Prototyping of microfluidic devices presents a number of challenges. Fabrication techniques such as clean room-based microfabrication, injection molding and milling and bonding are generally slow and expensive, and traditional 3D printers are unable to generate fluidically-sealed devices able to cope with the high pressures required. In addition, conventional 3D printing materials are unsuitable for microfluidic applications, as they are not chemically or biologically compatible, or transparent. Until now, this has prevented the adoption of 3D printing technology for microfluidic applications.
Microfluidics is a fast-growing field showing great potential for a wide range of applications, including point-of-care diagnostics, analytics, drug development, organ-on-a-chip, education, chemical synthesis and biomedical assays, as well as research and development. There is a clear need to complement existing techniques for the production of microfluidic devices with more rapid, cost-effective 3D printing technology that can create fluidically-sealed devices able to withstand the high pressures used in many applications.
Options and challenges
Traditionally, prototype microfluidic devices are produced using clean room-based microfabrication techniques such as lithography. Although these are extremely accurate and deliver the highest quality possible, they are also very expensive and slow. An alternative technique, developed in the late 1990s by the Whitesides Research Group at Harvard University, allowed micron-scale features to be replicated by casting polydimethylsiloxane-silicon rubber (PDMS), creating an open channel that then had to be closed by a lid. This method has formed the backbone of academic research in microfluidics.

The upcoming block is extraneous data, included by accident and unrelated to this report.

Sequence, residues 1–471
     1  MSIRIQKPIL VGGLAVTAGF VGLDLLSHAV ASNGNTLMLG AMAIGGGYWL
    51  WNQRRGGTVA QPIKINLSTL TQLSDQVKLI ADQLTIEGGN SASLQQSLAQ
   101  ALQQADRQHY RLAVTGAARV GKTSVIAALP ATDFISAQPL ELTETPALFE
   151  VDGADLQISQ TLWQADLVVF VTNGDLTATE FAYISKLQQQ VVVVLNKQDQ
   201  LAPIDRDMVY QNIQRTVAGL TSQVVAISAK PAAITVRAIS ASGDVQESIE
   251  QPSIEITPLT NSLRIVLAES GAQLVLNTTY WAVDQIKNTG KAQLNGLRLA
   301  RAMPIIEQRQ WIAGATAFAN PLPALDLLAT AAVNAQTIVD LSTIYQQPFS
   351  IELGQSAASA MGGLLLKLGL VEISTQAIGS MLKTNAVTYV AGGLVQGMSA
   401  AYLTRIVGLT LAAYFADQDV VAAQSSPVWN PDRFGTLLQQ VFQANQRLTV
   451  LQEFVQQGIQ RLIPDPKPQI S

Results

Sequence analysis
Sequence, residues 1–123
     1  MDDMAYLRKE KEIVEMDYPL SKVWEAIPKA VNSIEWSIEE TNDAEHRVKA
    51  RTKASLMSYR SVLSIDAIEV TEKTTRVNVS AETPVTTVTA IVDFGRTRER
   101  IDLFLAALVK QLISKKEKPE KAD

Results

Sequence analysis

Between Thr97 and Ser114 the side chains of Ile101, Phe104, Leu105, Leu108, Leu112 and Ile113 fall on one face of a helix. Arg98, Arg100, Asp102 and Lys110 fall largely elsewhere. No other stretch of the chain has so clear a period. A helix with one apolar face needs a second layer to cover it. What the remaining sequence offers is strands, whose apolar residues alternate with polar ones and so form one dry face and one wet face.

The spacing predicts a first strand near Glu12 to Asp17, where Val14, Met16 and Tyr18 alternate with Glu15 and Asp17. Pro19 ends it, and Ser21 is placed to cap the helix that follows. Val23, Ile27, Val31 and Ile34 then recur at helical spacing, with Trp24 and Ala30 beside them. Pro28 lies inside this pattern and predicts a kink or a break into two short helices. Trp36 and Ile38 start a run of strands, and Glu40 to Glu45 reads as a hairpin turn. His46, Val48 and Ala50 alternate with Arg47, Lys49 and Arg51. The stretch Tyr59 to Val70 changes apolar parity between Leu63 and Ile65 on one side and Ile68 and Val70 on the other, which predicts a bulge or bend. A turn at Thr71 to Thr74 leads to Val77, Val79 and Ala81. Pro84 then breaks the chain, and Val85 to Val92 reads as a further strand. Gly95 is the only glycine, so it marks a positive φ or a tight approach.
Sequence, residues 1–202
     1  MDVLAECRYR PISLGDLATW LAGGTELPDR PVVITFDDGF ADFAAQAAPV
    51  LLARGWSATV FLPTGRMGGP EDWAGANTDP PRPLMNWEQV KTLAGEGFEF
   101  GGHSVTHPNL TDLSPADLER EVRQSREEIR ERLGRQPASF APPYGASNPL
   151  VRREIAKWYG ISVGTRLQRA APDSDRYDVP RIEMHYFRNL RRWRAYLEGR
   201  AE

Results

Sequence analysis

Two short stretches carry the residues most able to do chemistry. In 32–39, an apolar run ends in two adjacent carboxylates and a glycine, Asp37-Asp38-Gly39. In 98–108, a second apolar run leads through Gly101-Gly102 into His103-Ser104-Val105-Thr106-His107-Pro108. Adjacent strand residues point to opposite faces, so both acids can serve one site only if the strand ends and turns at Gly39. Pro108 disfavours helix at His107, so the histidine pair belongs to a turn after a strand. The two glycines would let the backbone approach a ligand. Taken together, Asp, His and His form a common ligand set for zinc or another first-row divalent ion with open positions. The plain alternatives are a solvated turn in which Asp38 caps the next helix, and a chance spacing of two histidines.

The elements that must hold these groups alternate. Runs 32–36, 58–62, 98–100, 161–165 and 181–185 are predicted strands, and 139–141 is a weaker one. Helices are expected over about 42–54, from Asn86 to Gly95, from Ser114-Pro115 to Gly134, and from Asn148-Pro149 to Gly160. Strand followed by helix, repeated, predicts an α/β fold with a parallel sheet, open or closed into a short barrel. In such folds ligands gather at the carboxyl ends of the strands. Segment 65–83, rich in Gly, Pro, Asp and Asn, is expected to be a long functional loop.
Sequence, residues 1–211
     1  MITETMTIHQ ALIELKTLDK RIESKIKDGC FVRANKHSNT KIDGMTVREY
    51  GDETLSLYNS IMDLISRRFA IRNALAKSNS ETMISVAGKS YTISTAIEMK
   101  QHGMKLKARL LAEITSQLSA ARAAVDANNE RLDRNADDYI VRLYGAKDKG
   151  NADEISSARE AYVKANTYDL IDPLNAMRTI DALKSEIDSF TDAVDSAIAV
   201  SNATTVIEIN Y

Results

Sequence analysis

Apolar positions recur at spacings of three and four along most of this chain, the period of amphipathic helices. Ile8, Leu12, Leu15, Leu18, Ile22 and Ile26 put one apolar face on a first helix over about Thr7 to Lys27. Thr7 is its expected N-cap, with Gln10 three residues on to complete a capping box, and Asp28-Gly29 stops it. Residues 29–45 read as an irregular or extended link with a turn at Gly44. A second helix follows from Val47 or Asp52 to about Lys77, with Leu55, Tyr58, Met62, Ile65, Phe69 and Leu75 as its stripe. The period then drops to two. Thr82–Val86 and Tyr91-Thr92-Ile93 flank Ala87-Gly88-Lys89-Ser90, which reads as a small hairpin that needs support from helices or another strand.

3D printing techniques are appealing in nature, since a design can theoretically be replicated very quickly and cost effectively. However, traditional 3D printers are not designed for microfluidic applications and this creates certain challenges. These printers create microfluidic devices using stereo lithography (SLA), selective laser sintering (SLS) and fused deposition modeling (FDM) techniques, which tend not to work effectively, either because they use the wrong type of material, or because they result in the internal voids being filled with support material. The difficulty with printing hollow structures —for example, microfluidic chips with minute, twisting channels —is that when the lid is printed it collapses, as it has no support. SLA and SLS techniques provide the necessary support with UV-curable photopolymers and powdered polymers respectively, but the material used is impossible to remove from the microfluidic channels afterwards. FDM techniques may also require the use of a support material, although there are circumstances in which this can be dispensed with. The security of fluidically-sealed pathways cannot be guaranteed and, in addition, the UV-curable photopolymers used in SLA are not representative of the materials used in biological applications.
3D printing focused on microfluidics